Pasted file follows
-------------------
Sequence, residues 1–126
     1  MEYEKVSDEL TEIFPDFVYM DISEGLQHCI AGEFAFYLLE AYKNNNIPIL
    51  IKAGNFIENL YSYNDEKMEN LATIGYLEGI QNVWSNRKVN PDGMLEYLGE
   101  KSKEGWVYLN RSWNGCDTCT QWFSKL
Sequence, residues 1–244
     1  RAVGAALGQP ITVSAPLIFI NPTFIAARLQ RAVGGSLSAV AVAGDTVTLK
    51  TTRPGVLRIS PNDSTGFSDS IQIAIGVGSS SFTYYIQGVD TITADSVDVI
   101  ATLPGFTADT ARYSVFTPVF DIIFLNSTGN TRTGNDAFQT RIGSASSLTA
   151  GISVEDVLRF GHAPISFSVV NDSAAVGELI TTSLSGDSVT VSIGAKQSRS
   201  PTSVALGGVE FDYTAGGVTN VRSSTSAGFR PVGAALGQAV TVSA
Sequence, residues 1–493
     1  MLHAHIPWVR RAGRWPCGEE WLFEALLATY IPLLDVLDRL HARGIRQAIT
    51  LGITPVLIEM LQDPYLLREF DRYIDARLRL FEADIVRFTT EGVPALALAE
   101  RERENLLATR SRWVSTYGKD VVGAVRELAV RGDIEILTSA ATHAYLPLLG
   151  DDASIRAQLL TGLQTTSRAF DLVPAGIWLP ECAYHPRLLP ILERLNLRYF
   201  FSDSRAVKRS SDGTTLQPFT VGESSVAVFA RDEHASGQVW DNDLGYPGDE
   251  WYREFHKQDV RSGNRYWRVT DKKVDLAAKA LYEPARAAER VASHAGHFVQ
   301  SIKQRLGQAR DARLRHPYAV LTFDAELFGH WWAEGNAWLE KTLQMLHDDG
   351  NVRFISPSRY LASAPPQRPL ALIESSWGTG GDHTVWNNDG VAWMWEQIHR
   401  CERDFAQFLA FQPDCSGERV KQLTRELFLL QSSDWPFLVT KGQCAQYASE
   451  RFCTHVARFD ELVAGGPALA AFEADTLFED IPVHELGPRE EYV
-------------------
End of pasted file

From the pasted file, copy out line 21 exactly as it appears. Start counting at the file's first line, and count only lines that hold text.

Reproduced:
   451  RFCTHVARFD ELVAGGPALA AFEADTLFED IPVHELGPRE EYV